If you were ever handed a glass of prune juice to sooth an upset stomach when you were little, your grandma knows what’s up. But prune juice also comes with lots of other potential health benefits. Here’s what you need to know about this naturally sweet sip.
Whole prunes have a lot of fiber. When those prunes get juiced they lose a lot of that fiber, but they do still hold onto some of it. That fiber helps keep food moving along your digestive tract (and out the other end).
Plus, prune juice contains sorbitol, which is a type of naturally occurring sugar alcohol. Sorbitol can’t be completely digested or fermented by the bacteria in your intestines and it naturally draws water into your gastrointestinal tract. It acts like a natural laxative, helping to kick constipation to the curb by supporting smooth bowel movements.
But that’s not all: Prune juice also has dihydrophenylisatin in it. That’s produced when the prunes are steamed to make the juice. This chemical is also a natural laxative.
With less constipation, you might also be less likely to get hemorrhoids. A hemorrhoid is when a vein in your anus or rectum gets swollen. This can happen when you have to try too hard to go number two. Hemorrhoid-related pain can range from uncomfortable to unbearable and you might experience some bleeding.
How can prune juice help? With sorbitol keeping things moving, you’re more likely to have softer, more regular stools. That makes it less likely you’ll be straining yourself when you’re going to the bathroom. And happy poops, happy butt.
Prune juice is high in potassium, which is a mineral that your body needs to do lots of different things. It helps maintain normal fluid levels in cells, contract muscles, balance sodium levels in your blood, and maintain normal blood pressure.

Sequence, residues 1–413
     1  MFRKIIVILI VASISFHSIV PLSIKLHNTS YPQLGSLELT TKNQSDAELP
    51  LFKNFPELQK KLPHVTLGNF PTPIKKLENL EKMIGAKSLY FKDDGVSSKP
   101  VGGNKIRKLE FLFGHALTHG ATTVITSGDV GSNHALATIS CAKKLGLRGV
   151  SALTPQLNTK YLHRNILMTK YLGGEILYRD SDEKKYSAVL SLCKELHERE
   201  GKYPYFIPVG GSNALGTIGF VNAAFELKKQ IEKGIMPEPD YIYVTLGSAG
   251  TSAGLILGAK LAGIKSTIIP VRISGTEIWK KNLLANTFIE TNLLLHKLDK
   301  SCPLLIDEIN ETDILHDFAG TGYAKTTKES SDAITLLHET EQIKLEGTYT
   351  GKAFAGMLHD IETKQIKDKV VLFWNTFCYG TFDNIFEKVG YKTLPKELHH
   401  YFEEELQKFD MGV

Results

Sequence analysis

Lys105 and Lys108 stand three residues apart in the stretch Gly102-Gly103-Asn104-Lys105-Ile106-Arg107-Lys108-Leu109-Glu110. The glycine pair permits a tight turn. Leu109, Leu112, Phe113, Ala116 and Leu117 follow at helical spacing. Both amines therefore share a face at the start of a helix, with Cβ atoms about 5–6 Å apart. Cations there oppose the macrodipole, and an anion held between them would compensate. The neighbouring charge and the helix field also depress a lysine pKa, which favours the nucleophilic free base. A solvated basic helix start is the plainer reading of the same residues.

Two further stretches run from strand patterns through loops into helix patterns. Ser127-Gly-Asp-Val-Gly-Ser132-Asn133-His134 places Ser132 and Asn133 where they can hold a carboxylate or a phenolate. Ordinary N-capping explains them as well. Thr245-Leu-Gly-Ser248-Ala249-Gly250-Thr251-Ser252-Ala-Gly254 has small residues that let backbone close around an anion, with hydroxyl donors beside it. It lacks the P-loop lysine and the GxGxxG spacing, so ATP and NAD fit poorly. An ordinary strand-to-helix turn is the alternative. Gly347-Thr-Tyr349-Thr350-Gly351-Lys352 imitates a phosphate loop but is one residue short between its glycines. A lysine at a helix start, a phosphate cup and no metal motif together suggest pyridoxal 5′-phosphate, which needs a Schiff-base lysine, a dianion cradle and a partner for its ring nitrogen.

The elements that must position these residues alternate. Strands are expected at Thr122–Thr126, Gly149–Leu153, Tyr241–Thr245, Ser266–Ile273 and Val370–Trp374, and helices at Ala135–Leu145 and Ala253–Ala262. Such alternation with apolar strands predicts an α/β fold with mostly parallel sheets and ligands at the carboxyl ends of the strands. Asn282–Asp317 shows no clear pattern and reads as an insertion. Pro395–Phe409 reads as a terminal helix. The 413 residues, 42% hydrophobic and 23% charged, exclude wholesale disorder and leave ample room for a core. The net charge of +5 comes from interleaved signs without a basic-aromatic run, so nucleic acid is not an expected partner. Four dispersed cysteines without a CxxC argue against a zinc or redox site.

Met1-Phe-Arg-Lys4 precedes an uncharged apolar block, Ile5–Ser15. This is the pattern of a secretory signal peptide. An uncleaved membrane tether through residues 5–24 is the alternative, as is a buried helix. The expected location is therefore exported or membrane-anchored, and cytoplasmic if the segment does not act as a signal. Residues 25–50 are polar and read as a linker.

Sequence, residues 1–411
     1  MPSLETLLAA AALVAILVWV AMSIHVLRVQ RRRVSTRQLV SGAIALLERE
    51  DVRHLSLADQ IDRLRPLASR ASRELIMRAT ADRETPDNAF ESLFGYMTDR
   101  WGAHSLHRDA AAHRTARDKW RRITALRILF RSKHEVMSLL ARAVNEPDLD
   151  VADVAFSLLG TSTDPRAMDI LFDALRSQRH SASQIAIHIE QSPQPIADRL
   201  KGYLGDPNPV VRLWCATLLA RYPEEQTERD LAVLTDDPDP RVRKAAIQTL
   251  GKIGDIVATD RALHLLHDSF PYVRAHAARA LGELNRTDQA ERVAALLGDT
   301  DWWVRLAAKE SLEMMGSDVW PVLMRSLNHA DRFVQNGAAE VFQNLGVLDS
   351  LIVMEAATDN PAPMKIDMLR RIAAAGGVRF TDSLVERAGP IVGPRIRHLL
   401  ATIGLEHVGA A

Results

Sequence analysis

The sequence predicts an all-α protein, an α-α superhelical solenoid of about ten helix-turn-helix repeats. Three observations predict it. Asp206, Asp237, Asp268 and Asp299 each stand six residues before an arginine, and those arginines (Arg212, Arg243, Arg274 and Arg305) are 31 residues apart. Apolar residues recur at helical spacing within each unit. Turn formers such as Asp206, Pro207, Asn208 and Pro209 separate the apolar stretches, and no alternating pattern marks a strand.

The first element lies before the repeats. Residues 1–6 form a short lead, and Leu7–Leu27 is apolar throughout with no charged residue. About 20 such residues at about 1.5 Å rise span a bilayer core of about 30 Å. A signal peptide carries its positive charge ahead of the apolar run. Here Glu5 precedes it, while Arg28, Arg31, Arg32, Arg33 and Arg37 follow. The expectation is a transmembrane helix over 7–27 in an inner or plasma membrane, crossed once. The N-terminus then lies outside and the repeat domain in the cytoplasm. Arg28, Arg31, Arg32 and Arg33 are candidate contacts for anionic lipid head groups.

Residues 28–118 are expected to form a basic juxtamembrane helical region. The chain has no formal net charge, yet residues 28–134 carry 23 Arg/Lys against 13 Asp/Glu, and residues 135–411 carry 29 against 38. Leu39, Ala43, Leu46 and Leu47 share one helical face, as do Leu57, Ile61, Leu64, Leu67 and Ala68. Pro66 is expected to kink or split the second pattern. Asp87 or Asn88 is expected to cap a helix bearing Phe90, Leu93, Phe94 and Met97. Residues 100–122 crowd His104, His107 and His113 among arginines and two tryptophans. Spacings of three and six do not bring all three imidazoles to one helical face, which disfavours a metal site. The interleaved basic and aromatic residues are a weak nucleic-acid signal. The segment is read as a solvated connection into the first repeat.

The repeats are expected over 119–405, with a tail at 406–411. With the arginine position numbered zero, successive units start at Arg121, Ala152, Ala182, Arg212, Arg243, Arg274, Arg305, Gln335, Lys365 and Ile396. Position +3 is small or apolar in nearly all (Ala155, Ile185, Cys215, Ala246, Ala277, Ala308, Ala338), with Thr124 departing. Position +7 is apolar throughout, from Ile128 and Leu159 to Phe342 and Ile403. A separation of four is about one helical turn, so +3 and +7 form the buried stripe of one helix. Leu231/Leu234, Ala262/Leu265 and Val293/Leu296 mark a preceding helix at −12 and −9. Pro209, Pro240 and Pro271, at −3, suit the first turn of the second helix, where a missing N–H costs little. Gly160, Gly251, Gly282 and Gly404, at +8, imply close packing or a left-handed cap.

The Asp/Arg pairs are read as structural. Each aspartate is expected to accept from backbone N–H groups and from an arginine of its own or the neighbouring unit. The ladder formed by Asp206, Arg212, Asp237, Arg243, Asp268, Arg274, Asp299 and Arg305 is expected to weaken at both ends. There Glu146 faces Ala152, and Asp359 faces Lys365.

In general, studies suggest that potassium-rich foods help reduce blood pressure in people with hypertension. A 2010 study also found that people who drake prune juice or ate prunes daily had lower blood pressure and a lower risk of hypertension.
Another way that prune juice might boost your heart health is by lowering your cholesterol. That’s the substance that could lead to atherosclerosis (narrowing arteries caused by plaque build-up). Atherosclerosis can lead to heart failure, stroke, or heart attack because it’s harder for enough blood to flow through these channels.
While researchers aren’t totally sure why prune juice might have this affect, they point to the fact prunes contain certain types of antioxidants that may lower LDL cholesterol. Soluble fiber also seems to play a role.
Your body needs iron to support blood health — and prune juice has plenty of it. In fact, just a half cup of prune juice has 3 milligrams of iron. That’s about 17 percent of the FDA’s daily recommended value for adults.
Iron allows your blood cells to create hemoglobin, a component of blood that carries oxygen from your lungs throughout your bod. Getting enough iron every day can help prevent the most common type of anemia, a condition where your body doesn’t have enough healthy red blood cells.
One of the minerals in prunes is boron, which your body uses to build and maintain your bones. In fact, this mineral’s also used to treat bone conditions like osteoarthritis and osteoporosis.
One 2016 animal study, for example, found that prunes reduce the effect of radiation on bone marrow. That could help combat bone density loss. Two other studies, one in 2016 and one in 2017, found that prunes could help prevent bone density loss in postmenopausal women.